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Black History Month honored by National Archives with Emancipation Proclamation

To honor Black History Month, an important historical document was put out on public display. For three days this month, the original Emancipation Proclamation was displayed at the National Archives in Washington.

National Archives honors Black History Month with Emancipation Proclamation exhibit
National Archives

Though the archives put out the document in honor of Black History month, the document can’t be seen for that entire duration of time. The archives states that each year the documents can only be out for a short period because the documents are already in a fragile state and prolonged exposure to light would cause further damage and compromise the historical document . In order to preserve this piece of history, it stays out of view most of the time. Presidents Day marked the last day it was on view.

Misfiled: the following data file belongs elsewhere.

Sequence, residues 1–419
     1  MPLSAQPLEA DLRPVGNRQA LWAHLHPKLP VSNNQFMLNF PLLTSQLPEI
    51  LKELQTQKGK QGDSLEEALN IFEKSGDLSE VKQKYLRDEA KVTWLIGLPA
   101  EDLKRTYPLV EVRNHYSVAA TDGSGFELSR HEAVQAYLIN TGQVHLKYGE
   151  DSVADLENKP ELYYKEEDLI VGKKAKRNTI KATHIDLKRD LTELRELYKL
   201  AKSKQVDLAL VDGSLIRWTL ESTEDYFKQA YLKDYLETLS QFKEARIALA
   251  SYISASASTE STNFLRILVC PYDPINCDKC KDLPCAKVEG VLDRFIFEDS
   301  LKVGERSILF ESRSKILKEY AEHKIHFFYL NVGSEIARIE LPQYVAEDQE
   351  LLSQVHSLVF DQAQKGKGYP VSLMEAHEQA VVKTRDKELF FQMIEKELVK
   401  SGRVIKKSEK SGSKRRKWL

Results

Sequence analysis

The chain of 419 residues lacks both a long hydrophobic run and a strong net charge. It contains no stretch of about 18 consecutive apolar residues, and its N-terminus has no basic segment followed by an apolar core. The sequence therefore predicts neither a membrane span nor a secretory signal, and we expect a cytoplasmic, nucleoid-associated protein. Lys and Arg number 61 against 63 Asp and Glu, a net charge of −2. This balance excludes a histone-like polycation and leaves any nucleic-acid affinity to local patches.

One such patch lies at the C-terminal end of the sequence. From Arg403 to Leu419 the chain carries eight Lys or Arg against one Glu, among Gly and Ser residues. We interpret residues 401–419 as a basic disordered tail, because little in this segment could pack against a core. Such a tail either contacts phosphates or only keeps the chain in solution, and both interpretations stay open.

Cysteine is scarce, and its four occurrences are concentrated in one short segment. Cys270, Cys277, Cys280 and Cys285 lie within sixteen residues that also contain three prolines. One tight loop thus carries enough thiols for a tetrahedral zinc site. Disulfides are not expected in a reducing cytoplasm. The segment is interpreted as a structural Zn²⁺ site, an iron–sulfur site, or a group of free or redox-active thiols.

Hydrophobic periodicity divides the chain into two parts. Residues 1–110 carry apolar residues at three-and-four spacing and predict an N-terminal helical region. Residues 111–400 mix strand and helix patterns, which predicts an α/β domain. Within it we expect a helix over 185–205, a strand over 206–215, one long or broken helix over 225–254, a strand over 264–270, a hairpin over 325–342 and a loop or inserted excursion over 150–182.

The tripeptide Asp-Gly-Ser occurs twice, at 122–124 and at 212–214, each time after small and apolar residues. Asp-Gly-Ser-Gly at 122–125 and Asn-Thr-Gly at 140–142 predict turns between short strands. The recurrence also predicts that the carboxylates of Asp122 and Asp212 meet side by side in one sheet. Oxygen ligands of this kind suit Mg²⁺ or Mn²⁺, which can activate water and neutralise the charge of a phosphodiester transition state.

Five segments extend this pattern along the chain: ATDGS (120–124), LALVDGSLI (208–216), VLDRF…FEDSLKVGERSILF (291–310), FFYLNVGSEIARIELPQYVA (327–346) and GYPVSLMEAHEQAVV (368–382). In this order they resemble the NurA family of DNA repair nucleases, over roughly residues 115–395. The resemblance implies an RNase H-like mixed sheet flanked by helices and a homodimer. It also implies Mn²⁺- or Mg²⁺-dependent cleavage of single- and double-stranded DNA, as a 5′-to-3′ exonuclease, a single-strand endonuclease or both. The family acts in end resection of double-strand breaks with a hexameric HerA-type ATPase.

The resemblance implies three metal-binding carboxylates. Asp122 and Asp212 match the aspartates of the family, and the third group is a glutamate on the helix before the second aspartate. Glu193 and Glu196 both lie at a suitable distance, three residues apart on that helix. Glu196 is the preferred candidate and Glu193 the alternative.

The Emancipation Proclamation was instituted Jan. 1, 1863. Through the proclamation, President Abraham Lincoln set forth to free all people who had previously lived as slaves. Though it wasn’t an instant fix-all to ending slavery, the document played an essential role in beginning to end slavery in the United States and is an integral part of American history.

The document was displaying in the new ‘Records of Rights’ permanent exhibit, which details the evolutions of different freedoms and rights through history.

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